Day 332–Turkey Hash with Egg

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Turkey hash is one of our favorite leftover dinners following Thanksgiving. It really is pure comfort food–a mix of onion, celery, carrots, turkey, broth, and potatoes. You could even add rice or southern dumplings to this and it would be amazing. Actually, you could add pretty much whatever you want or whatever you happen to have handy. This dish is all kinds of flexible. I like that about it.

Usually I make this with thinly sliced red potatoes, but this year I have lots of sweet potatoes on hand, so I decided to change things up a bit. We also have some amazingly delicious, farm fresh eggs from pasture-raised chickens. I saw THIS recipe on Sugar Dish Me’s blog and thought–hmmmm, eggs on hash. Yes, that sounded like a great plan! Although Ellie wasn’t sure about the changes to one of her favorite seasonal meals, we all thought this was delicious and different enough that we didn’t feel like we were eating leftovers!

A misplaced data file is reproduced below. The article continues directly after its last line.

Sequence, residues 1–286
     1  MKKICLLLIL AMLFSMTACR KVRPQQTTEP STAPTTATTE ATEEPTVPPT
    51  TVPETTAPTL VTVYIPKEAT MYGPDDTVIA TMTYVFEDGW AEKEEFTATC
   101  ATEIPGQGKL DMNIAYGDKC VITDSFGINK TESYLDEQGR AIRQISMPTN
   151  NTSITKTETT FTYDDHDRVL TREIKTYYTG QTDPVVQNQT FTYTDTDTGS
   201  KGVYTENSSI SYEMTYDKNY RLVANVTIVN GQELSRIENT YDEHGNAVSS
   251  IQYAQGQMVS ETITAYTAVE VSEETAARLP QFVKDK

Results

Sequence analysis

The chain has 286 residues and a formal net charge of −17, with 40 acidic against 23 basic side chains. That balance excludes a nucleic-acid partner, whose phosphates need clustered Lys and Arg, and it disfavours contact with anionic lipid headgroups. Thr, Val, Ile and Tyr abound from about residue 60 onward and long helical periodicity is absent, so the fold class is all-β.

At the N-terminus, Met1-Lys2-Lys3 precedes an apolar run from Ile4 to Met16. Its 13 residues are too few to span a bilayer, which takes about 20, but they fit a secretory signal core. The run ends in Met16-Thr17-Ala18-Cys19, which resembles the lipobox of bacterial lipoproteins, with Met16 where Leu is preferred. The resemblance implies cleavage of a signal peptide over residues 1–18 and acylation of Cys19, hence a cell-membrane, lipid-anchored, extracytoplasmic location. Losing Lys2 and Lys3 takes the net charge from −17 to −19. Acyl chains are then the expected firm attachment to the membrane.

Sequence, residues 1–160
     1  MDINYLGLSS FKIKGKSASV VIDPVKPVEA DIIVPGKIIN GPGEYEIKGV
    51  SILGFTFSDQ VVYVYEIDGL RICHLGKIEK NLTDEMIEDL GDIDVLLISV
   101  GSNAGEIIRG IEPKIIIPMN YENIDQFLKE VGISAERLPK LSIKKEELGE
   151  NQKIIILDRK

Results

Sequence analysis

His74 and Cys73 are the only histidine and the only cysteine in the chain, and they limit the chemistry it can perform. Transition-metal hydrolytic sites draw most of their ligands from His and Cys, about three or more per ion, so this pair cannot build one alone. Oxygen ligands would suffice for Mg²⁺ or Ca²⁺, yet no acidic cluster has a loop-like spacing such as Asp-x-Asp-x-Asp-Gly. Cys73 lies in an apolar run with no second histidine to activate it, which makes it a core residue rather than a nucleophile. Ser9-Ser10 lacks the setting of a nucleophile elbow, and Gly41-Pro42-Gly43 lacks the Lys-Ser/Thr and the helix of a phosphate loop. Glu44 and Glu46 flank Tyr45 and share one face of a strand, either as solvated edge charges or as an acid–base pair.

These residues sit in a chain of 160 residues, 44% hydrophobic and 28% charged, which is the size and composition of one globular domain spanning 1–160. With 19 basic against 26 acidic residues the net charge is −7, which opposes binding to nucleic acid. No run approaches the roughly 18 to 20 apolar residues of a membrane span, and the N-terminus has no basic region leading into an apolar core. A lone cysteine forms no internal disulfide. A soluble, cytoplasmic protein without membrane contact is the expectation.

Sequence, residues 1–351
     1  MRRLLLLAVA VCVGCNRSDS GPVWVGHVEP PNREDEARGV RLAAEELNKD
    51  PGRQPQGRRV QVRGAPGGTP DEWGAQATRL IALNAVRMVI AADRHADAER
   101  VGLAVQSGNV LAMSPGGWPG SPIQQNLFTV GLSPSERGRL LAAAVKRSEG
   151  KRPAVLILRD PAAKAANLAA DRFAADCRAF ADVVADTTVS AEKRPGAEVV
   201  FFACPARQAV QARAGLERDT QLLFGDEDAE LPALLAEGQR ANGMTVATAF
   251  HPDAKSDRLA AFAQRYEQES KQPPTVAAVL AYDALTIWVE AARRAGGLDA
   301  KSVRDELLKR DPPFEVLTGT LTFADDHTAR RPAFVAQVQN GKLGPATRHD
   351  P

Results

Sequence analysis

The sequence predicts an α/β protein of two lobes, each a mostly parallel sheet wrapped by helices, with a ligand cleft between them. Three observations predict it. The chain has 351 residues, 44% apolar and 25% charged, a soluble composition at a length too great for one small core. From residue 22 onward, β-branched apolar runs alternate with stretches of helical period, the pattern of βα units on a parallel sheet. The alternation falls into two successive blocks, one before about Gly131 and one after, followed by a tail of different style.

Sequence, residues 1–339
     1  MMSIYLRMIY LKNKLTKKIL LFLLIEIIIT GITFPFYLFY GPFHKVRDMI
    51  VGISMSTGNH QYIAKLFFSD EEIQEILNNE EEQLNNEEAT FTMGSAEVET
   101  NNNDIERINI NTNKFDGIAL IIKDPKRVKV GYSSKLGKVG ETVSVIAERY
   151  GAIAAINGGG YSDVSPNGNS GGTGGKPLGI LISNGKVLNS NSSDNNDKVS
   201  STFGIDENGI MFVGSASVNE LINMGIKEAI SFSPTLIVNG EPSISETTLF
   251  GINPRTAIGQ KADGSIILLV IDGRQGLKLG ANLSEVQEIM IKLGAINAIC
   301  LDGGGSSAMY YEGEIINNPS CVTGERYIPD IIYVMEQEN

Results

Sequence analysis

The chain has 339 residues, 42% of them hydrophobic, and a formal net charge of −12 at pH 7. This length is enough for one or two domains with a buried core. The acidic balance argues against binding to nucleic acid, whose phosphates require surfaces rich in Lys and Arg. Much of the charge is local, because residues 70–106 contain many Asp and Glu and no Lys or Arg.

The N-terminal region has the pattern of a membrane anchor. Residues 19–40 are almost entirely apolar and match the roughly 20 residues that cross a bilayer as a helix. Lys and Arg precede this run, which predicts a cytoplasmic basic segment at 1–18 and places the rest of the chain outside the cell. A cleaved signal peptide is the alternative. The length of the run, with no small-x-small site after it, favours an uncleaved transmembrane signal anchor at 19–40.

Turkey Hash (serves 4)

  • 3 tbsp. olive oil
  • 1 large yellow onion, peeled and diced
  • 2-3 ribs of celery, trimmed and chopped
  • 2 large carrots, peeled and chopped
  • 3 large sweet potatoes, peeled and diced
  • 6 fresh sage leaves, chopped fine or 1 tbsp. dried sage
  • 2 cups cooked turkey, cut into bite-sized pieces
  • 2-3 cups chicken or turkey stock, divided
  • 4 fresh eggs
  • Kosher/sea salt and pepper to taste
  1. Heat the olive oil in a large saute pan over medium or medium high heat. When oil is warm, add onions. Cook for about 4 minutes, until translucent and soft.
  2. Add the celery and carrots. Stir well and continue cooking for another 3-4 minutes until vegetables begin to soften. Season to taste with salt and pepper.
  3. Add diced sweet potatoes, 1 cup of stock and sage and continue to cook for about 15 minutes. Add more stock if pan begins to dry out.
  4. Add turkey and continue cooking for about 20 minutes. The mixture should be very thick, almost like a super thick stew. Check for seasoning and season again if needed. Keep warm.
  5. In a smaller saute pan, cook eggs to according to your preference (Ellie likes hers fried, I like mine over easy).
  6. Spoon hash into serving bowls, then top each with an egg.
  7. Serve immediately.

Day 220–Red Pepper Tart